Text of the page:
Weighing Both Sides of the Story

 | Dec 14, 2011 | 1:00 PM EST
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We have learned in life that there are usually two sides to every story, which holds true for our personal lives as well as for investing and the economy. If you focus on only one angle, you're playing the game with one hand tied behind your back. Charlie Munger, Warren Buffett's partner and Vice-Chairman of Berkshire Hathaway (BRK.A), often likes to say, "Invert, always invert." I believe what Munger is suggesting is that when looking at making an investment or assessing the stock market, you should always consider both sides of the equation.

For instance, many analysts and economists cite the growing numbers of college graduates choosing to migrate back home to live with mom and dad instead of living independently a strong indicator that housing will remain weak for years to come. As a result of that migration, the economy is suppressed because fewer people are shopping at Home Depot (HD) or Beth Bath and Beyond (BBBY) or calling the cable guy to for cable installation. The argument is valid as these events are indeed having an effect on the economy.

But the other side of the story is that those returning home are saving money, which they are using to pay off student loans and build nest eggs for the eventual home purchases. Further, without the burden of rent or a mortgage payment, disposable income is increased, sending these young adults out shopping and spending. In essence, the future homebuyers of America are both helping to stimulate the economy and deleveraging their balance sheets. This, too, is a valid argument.

Another argument is that the unemployment needs to get back to 6% to 7% for the economy to really improve. While true, waiting for unemployment to drop will keep many investors on the sidelines for a long time. Capitalism, by nature is a disruptive process. Innovation increases productivity. The U.S. Post Office is a current case in point. As the world continues to embrace a cashless way of life, the need for postal carriers diminishes. It is quite possible that the U.S. economy can perform quite well with an 8% unemployment rate: As businesses become more efficient, margins expand, which in turn can lead to expansion in the valuation multiple that boosts the stock price. I don't think the fortunes of Apple (AAPL) or Visa (V) would differ much in a world of 8% or 10% unemployment.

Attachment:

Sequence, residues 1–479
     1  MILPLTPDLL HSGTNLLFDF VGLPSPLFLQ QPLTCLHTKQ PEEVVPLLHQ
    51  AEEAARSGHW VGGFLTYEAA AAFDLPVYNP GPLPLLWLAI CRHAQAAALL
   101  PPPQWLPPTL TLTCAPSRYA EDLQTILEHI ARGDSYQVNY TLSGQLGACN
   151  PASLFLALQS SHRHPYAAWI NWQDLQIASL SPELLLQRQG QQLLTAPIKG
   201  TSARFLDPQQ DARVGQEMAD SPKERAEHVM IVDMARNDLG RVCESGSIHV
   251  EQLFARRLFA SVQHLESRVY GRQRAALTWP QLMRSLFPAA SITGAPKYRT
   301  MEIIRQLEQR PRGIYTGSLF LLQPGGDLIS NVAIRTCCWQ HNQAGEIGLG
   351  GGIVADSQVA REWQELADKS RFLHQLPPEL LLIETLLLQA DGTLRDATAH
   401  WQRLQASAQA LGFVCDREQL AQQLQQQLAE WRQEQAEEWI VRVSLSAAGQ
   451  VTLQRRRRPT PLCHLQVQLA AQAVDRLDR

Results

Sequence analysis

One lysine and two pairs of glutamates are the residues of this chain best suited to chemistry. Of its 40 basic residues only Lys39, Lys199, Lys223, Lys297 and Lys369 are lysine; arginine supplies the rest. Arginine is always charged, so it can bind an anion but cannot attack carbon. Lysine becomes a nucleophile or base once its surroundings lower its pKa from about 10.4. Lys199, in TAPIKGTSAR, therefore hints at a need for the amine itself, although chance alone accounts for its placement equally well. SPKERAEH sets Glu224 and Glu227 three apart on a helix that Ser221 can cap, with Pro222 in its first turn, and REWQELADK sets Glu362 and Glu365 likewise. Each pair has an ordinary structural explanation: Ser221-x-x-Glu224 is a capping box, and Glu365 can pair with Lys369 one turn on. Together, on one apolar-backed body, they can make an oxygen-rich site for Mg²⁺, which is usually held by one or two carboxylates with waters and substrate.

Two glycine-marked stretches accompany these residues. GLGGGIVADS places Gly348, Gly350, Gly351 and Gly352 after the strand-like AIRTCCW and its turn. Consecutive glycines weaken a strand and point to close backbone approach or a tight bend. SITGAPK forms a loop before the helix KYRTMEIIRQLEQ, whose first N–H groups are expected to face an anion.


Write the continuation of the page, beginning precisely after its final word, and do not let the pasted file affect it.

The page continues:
Back in 2006 and 2007, when everyone was waiting in line to buy a house, the main selling point was the historical claim that real estate prices rose, on average, 2%-3% a year. With only that piece of information, everyone rushed to buy. Few people looked at other side and asked what would happen when this historical price appreciation came to an end. Those individuals with names like Kyle Bass, Michael Burry, Prem Watsa, and John Paulson, all made a fortune by looking at both perspectives.

What if big banks aren't really dead fish? What if Citigroup (C) or Goldman Sachs (GS) continue to keep improving their balance sheets? And, what if in the next year or two, profits start to grow again because the current turmoil in Europe doesn't lead to financial Armageddon? The answer is a good chance of 100% returns -- a performance I'm convinced the overall stock market will not produce.

The prudent investor must always consider how bad things can get if the optimists are wrong or what opportunities exist if the pessimists are wrong.

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